For some people writing a Victim Impact Statement can bring up strong emotions about the crime, or it can just be difficult to know what to include. You can get help and emotional support to write your statement.
Call the Victims of Crime Helpline on 1800 819 817 for information, advice and support.
Help for children and young people preparing Victim Impact Statements
The Child Witness Service is a service available across Victoria and can help children, young people and their families to complete Victim Impact Statements.
Wait to write your Victim Impact Statement
It is best not to start writing your statement straight after the crime happens, because it can take time to understand how a crime has affected you.
A Victim Impact Statement must be submitted to the court before the offender has been sentenced.
You can find out more about how Victim Impact Statements are used at court.
Submit your Victim Impact Statement to the court
Give your Victim Impact Statement to the legal team prosecuting the case. This may be:
- the police officer in charge of the case (sometimes called the police informant) or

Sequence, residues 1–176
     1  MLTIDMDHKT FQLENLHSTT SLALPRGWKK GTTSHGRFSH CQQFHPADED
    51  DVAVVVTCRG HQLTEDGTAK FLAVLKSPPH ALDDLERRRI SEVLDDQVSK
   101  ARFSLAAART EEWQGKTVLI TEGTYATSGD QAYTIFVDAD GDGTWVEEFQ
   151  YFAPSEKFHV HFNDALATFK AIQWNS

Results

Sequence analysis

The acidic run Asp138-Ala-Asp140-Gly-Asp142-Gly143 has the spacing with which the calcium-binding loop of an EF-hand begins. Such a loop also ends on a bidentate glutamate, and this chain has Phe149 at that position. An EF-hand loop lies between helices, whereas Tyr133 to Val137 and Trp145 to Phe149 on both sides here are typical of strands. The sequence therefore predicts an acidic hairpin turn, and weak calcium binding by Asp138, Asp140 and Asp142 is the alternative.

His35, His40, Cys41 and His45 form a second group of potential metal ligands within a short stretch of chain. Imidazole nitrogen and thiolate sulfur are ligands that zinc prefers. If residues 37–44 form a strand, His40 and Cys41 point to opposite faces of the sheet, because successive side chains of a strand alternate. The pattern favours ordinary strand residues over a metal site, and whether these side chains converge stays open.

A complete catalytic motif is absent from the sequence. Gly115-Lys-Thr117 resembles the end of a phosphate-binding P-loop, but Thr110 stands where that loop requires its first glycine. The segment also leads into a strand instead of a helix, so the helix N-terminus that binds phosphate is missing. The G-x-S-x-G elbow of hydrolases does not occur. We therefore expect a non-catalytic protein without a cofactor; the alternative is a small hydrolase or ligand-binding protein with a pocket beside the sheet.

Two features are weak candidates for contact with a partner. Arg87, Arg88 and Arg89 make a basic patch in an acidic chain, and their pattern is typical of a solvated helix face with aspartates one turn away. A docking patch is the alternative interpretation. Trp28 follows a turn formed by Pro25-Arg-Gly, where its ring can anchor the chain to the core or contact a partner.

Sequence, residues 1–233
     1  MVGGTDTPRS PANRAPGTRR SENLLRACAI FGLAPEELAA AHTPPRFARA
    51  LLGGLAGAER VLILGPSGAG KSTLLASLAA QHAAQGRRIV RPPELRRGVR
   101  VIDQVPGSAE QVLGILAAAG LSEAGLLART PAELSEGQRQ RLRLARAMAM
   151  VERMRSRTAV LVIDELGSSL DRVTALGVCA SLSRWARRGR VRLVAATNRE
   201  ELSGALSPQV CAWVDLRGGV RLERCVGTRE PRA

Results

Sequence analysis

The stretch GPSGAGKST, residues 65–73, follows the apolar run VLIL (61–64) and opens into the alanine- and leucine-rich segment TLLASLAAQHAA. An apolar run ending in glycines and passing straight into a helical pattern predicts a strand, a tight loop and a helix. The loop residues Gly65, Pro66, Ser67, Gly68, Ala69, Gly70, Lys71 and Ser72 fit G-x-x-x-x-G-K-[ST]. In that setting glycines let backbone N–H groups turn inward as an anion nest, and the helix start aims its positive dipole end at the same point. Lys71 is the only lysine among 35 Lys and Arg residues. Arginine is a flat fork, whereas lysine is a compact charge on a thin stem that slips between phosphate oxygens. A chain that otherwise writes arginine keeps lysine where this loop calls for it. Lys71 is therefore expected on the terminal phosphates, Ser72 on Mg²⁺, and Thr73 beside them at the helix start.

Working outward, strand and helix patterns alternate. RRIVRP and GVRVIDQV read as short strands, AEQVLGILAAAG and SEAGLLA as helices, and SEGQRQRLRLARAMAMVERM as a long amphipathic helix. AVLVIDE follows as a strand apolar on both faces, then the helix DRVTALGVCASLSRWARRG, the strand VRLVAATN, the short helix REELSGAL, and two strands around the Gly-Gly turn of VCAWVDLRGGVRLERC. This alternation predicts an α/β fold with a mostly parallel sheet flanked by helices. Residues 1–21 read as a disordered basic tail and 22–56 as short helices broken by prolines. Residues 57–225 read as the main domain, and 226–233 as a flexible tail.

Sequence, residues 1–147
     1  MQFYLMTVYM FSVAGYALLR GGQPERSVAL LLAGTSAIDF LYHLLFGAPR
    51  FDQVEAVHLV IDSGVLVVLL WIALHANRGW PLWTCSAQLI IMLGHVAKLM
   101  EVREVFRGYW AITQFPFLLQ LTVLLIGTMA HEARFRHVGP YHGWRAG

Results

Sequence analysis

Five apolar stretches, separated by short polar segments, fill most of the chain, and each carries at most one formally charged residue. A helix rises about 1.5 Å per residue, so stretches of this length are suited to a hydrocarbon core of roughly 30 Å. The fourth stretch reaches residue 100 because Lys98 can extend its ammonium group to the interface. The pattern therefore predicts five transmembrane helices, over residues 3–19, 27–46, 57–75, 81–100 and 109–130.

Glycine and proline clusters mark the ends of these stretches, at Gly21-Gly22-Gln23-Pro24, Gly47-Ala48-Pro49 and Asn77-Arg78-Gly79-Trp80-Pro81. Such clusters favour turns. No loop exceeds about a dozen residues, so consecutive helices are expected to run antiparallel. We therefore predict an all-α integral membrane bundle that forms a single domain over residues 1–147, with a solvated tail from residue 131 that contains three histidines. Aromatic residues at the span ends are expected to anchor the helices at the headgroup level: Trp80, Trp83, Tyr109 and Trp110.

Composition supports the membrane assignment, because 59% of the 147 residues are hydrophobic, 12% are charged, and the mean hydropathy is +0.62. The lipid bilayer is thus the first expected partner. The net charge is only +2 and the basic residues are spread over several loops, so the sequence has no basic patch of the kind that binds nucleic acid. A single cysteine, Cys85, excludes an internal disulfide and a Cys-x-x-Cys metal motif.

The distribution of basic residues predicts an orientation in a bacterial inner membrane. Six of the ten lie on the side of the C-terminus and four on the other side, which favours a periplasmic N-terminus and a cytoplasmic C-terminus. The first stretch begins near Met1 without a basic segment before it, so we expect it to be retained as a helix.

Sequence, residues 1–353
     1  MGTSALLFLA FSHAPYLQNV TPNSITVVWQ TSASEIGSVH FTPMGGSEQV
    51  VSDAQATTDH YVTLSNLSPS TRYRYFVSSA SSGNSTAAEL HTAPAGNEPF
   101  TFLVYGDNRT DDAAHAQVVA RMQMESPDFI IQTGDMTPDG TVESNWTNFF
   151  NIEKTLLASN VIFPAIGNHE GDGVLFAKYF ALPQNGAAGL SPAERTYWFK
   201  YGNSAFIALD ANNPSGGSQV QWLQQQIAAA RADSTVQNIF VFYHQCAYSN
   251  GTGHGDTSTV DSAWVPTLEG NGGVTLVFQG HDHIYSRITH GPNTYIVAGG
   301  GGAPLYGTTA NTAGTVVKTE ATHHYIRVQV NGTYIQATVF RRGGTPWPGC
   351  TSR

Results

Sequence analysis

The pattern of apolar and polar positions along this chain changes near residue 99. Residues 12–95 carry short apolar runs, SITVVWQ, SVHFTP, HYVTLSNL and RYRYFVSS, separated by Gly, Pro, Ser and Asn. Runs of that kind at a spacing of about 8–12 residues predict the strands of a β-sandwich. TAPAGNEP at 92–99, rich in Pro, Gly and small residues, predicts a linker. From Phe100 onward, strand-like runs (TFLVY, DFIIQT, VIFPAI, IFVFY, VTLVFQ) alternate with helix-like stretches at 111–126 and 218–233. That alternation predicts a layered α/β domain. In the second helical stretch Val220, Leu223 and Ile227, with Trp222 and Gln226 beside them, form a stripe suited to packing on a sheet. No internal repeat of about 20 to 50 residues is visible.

- the Office of Public Prosecutions (or your Victims and Witness Assistance Service Worker, if you have one) for cases being heard at the Supreme or County Courts.
You should let them know before the plea hearing if:
- you want some or all of your Victim Impact Statement read aloud
- there are some parts of your statement you do not want read aloud
- you want a witness such as your doctor to give evidence to support what you have included in your statement.
You can learn more about:
How to prepare your Victim Impact Statement
There are rules about what you can include in your Victim Impact Statement.
This is because there are laws about what evidence is allowed in court (admissible evidence) and what is not allowed (inadmissible evidence). The most important thing to remember is your Victim Impact Statement should only be about how you have been affected by the crime.